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Helping our children to thrive

09 November 2023

Childrens health Maternity
It’s no secret parents want the best for their children from the day they are born. Clinical Nurse Specialist Parent Education Felicity Anderson explains the simple things parents can do to help their children reach their full potential.

Research tells us the early childhood years are critical for healthy brain development and lifelong learning, with the volume of a child’s brain reaching 90 per cent of an adult’s by the age of five.

So what can parents do to support that healthy brain development and enable their children to thrive?

Thrive by Five

Combining the latest parenting research, Minderoo Foundation’s Thrive by Five campaign looks at the everyday activities adults can do with children in their early childhood to help shape their lives and benefit their lifelong learning, behaviour and wellbeing.

In the TED Talk video below, produced in collaboration with Minderoo Foundation and supported by UNICEF, seven-year-old Molly Wright explains why interactions early and often matter during the first five years in a child’s life.

Molly’s Thrive by Five TED Talk was the 'Most Popular TED Talk in the World’ in the year it was launched. It has been translated into 35+ languages and has now been viewed by almost 100 million people, which is a testament to how Molly’s message has resonated with parents and caregivers.

In the video, Molly talks about two important concepts:

Serve and return

This relates to the five things adults can do every day to help their children build trust, develop positive relationships and learn important life skills, including:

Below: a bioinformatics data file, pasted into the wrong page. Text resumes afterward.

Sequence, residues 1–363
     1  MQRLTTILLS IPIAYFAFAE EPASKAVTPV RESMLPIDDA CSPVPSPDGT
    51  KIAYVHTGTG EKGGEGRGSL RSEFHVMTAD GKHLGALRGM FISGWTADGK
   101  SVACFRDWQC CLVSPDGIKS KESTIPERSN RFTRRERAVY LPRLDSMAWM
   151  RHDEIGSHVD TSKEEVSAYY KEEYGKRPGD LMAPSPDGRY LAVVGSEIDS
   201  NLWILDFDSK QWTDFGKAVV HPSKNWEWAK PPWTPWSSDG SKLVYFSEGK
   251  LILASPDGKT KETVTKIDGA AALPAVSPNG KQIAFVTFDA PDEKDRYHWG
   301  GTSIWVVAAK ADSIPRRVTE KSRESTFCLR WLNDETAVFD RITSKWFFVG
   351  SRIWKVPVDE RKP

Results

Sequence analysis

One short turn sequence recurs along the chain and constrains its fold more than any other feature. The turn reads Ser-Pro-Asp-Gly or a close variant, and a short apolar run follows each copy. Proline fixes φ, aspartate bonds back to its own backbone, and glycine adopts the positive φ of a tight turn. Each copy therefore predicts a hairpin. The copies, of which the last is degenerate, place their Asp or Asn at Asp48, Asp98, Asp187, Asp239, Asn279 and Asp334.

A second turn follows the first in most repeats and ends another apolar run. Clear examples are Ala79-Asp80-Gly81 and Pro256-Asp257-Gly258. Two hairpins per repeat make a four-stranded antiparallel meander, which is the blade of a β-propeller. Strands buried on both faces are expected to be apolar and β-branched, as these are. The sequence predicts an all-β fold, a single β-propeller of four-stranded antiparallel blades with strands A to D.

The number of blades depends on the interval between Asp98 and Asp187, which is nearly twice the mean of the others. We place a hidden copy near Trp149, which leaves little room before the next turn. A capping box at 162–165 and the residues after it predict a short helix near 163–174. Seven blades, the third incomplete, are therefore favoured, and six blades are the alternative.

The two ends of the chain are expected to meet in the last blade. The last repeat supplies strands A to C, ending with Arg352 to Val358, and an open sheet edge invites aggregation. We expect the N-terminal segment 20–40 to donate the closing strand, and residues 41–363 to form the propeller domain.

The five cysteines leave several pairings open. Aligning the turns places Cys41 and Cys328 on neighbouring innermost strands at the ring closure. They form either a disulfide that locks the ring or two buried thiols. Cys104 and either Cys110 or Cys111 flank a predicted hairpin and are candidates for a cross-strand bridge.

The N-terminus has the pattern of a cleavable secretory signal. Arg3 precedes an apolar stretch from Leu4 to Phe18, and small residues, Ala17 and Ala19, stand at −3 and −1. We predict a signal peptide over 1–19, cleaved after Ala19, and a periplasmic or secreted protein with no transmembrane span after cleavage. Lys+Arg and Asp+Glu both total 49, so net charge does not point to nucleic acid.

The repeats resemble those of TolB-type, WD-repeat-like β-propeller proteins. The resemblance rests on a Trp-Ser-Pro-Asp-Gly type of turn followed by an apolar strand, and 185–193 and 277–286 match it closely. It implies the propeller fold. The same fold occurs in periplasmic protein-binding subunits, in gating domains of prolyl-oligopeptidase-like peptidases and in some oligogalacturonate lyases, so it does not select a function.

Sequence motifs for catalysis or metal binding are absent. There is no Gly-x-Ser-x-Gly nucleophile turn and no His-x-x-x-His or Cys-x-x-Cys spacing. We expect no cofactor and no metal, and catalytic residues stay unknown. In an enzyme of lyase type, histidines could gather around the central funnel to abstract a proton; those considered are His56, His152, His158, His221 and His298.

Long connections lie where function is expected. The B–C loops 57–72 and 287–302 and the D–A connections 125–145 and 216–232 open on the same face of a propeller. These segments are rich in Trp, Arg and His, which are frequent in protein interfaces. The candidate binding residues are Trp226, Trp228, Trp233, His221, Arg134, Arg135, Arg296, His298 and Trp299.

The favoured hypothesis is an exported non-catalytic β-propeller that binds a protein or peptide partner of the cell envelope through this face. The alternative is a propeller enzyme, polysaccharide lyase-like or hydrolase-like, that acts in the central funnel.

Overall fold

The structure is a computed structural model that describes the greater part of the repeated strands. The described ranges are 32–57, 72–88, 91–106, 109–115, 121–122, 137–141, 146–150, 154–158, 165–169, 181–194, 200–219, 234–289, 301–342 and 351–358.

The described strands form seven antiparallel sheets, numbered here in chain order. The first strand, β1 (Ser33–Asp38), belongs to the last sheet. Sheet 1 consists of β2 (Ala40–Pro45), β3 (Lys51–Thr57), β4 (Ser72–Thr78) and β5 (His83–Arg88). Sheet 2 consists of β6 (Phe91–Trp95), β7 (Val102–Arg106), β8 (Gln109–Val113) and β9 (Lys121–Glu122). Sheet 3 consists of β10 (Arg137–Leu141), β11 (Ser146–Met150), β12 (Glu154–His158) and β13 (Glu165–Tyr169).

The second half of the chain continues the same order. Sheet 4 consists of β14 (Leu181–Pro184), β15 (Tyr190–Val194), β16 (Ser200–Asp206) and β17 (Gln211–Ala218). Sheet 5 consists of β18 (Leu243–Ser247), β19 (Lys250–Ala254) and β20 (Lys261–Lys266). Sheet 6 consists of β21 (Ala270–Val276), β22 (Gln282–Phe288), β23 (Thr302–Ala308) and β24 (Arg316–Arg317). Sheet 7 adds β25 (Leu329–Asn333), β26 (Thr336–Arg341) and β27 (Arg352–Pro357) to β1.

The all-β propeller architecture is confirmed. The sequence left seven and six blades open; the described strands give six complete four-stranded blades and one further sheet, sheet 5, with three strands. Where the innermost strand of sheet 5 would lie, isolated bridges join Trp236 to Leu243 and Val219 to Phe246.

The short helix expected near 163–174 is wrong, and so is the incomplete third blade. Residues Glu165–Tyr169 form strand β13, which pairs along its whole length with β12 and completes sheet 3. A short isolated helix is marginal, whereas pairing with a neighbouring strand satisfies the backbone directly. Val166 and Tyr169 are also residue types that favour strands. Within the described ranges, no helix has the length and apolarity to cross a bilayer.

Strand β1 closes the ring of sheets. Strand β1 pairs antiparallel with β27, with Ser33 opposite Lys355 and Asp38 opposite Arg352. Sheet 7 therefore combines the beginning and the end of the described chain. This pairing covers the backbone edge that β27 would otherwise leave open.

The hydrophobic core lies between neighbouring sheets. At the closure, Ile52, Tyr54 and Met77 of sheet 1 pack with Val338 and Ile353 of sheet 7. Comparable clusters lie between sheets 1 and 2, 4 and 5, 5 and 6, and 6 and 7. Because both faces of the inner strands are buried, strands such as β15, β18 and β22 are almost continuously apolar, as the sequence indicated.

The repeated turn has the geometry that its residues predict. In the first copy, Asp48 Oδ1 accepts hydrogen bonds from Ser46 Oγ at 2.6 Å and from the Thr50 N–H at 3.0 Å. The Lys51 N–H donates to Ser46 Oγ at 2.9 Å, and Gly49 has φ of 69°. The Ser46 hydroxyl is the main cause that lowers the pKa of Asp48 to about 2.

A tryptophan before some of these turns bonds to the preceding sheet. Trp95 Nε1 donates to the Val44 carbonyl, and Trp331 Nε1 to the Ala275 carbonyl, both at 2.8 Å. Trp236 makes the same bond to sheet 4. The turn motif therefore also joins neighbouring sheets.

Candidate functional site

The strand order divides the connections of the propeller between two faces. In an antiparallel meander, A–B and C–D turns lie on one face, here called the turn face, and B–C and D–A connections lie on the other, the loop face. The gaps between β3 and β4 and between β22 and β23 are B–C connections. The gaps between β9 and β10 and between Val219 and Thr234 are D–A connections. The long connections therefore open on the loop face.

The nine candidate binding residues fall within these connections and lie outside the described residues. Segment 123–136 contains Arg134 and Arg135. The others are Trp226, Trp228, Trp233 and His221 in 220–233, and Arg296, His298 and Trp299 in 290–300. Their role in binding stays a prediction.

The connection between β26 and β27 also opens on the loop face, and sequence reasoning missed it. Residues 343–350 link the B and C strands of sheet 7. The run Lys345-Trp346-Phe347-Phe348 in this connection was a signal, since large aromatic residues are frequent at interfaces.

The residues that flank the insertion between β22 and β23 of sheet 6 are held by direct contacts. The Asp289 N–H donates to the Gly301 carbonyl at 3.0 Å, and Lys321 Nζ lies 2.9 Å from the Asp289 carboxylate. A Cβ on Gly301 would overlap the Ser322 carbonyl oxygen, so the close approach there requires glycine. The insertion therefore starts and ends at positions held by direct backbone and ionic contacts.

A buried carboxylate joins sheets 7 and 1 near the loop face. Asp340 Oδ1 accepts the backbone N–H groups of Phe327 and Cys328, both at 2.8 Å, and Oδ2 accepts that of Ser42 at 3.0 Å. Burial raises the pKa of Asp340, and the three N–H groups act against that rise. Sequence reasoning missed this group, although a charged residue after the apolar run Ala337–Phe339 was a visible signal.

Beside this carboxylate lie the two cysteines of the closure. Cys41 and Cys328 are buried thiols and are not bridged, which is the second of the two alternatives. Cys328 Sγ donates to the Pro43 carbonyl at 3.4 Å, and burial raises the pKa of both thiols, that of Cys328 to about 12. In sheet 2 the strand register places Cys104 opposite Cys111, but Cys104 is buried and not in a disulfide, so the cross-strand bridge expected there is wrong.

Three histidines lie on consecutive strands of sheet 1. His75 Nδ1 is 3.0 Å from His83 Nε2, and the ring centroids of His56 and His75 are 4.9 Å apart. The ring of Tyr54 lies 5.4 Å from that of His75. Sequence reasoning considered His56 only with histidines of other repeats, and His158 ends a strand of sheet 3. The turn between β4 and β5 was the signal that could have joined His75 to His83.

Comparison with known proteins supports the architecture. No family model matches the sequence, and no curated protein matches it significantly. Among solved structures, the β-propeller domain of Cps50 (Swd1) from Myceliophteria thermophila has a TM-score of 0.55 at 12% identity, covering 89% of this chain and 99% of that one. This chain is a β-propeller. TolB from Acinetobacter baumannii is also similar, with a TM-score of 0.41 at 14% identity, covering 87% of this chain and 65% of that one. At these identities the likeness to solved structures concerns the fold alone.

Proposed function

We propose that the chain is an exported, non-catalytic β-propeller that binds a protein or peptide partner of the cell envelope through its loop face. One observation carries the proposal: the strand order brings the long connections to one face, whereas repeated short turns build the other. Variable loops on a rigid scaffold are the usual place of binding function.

• Connect – building relationships and strong emotional bonds
  • Talk – creating moments through language and communication
  • Play – supporting your child’s brain development through fun activities
  • A healthy home – keeping your home happy and healthy
  • Community – nurturing a connection to culture and creating a sense of belonging

Consider Molly’s examples:

  • Copycat games to build imagination and empathy
  • Naming games to build vocabulary and attention
  • Peekaboo to build memory and trust

Even simple things such as reading or singing are important in shaping thinking and emotional patterns for life and influencing learning, relationships and resilience.

Early and often

This concept speaks to practicing serve and return from the day a child is born, and doing it often.

Children are hardwired to seek out meaningful connections and not receiving them can cause stress.

With our brains developing faster in the early years than at any other time in our lives, every moment with our children is an opportunity to connect, talk and play. As Molly says in her talk, the simple and fun things you do with your child are “more than just a game”, they help shape the adults they become in the future.

I recommend taking a look at the Bright Tomorrows app which provides fun activities for you to try and insight into why they are so good for you and your child both now and into the future.

References and more information:

Minderoo Foundation’s Thrive by Five: https://thrivebyfive.org.au

TED – Molly Wright: How every child can thrive by five: https://vimeo.com/880771234

Photo of blog author Felicity Anderson
Felicity Anderson - Clinical Nurse Specialist Parent Education

Felicity is a wife and mother of two busy boys. She has been a midwife for 20 years and has recently recertified as a lactation consultant. 

Felicity is passionate about antenatal education and postnatal support for all new parents. 

She thrives in her role at St John of God Subiaco Hospital as Clinical Nurse Specialist of Parent Education as it encompasses her favourite aspects of midwifery.